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How will the Indian Ocean Basin Mode and its capacitor effect behave under global warming?

For millions of people, the intensity of East Asian summer monsoon indicates the wet or dry conditions there. Plenty of previous studies have proved that the first leading mode of the interannual variability of the Indian Ocean sea surface temperature, also called the Indian Ocean Basin Mode (IOBM), features a basin-wide warming or cooling and that it exerts great influences on the East Asian climate. When the Indian Ocean is warmer than normal, warm tropospheric Kelvin wave is triggered, contributes to the development of an anomalous anticyclone over the Northwestern Pacific via the “capacitor effect” and affect the East Asian summer monsoon. Two recent studies based on CMIP5 revealed the change of the IOBM and its capacitor effect under global warming.

"Our work suggests that the IOBM is slightly intensified, but more obvious enhancement in its ‘capacitor effect’, causing the strengthened anomalous Northwest Pacific anticyclone," said HUANG Gang, a scientist of Institute of Atmospheric Physics (IAP). His team recently published two papers about this finding. One is about the future adjustment of “capacitor effect”, released in Journal of Climate and written by HU Kaiming; the other is about the IOBM, released in International Journal of Climatology and written by TAO Weichen.

HUANG Gang’ team examined the depth of climatological thermocline in the southwestern tropical Indian Ocean and ENSO activity, which are considered to favor the change of the IOBM in observation, and found the two factors cannot explain the strengthened sea surface temperature anomalies under global warming scenarios. Then, what causes the strengthened IOBM and “capacitor effect”?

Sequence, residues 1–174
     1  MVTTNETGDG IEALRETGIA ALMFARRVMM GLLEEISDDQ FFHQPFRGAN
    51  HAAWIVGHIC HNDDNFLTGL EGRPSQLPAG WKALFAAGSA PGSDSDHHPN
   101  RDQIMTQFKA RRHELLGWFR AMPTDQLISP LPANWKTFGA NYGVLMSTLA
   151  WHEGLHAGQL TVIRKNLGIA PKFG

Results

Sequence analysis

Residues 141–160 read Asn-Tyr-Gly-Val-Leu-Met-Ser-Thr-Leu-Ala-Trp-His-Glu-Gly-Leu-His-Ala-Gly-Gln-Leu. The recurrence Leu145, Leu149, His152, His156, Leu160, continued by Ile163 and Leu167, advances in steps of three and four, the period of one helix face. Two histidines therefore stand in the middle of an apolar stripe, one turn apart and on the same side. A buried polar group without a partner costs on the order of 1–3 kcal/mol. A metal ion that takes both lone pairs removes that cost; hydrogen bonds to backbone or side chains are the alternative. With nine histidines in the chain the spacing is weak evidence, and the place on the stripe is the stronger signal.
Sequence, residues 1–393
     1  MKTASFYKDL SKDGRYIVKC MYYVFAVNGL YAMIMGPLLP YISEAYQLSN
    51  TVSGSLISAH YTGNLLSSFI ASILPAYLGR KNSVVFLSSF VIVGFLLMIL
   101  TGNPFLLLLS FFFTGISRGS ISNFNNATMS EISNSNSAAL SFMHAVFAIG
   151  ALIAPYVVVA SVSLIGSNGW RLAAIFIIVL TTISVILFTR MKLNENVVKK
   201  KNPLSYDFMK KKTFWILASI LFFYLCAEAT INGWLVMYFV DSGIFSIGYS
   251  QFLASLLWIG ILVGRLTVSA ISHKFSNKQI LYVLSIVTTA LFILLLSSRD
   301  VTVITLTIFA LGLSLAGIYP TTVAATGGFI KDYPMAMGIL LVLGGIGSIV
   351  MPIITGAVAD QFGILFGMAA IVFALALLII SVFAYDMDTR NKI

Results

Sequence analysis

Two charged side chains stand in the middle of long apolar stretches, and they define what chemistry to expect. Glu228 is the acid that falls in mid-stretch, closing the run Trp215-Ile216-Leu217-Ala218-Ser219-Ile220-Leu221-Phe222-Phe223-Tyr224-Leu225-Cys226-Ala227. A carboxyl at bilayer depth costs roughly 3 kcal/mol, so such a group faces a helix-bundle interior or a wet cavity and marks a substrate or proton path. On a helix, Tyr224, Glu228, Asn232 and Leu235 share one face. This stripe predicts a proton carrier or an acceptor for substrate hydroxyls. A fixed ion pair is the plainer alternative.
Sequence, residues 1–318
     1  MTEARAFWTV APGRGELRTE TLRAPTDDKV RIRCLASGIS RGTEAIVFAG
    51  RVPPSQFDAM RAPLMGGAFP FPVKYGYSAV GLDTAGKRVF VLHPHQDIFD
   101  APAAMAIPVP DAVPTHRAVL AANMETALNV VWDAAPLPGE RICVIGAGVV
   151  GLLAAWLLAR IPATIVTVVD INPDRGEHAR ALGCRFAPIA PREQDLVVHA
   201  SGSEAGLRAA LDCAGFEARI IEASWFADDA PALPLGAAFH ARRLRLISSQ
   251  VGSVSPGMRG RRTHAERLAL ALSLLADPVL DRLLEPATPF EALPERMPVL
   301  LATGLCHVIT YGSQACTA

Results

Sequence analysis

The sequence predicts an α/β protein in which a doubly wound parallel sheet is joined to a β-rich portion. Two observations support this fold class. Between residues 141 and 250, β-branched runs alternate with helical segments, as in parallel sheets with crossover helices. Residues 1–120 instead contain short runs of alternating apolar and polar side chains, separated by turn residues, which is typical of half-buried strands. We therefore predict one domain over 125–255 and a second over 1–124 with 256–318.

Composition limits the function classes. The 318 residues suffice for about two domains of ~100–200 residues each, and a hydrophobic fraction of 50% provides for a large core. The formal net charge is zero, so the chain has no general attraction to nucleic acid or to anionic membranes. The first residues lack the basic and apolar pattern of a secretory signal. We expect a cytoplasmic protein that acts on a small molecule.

Finally, they found that the increased saturated specific humidity plays an important role. Increased saturation specific humidity makes significant contribution to the enhanced tropospheric temperature response (Fig 1), causing the strengthened “capacitor effect”. Moreover, the enhanced tropospheric temperature provides the positive feedback to the IOBM. The detailed mechanism diagram is shown in Fig 2.


Hu, K., G. Huang*, X. Zheng, S.-P. Xie, X. Qu, Y. Du and L. Liu,2014: Interdecadal variations in ENSO's influences on the Northwest Pacific and East Asia summertime climate simulated in the CMIP5 models, Journal of Climate, 27, 5982–5998. DOI: 10.1175/JCLI-D-13-00268.1

Tao, W., G. Huang*, K. Hu, X. Qu, G. Wen and H. Gong, 2014: Interdecadal modulation of ENSO teleconnections to the Indian Ocean Basin Mode and their relationship under global warming in CMIP5 models, International Journal of Climatology, in press. DOI: 10.1002/joc.3987

Funded by:

National Basic Research Program of China

National Natural Science Foundation of China

Strategic Priority Research Program of the Chinese Academy of Sciences


Fig 1. The response of tropospheric temperature to the anomalies of sea surface temperature and saturated specific humidity.


Fig 2. The diagram about the strengthened IOBM and its capacitor effect under global warming.

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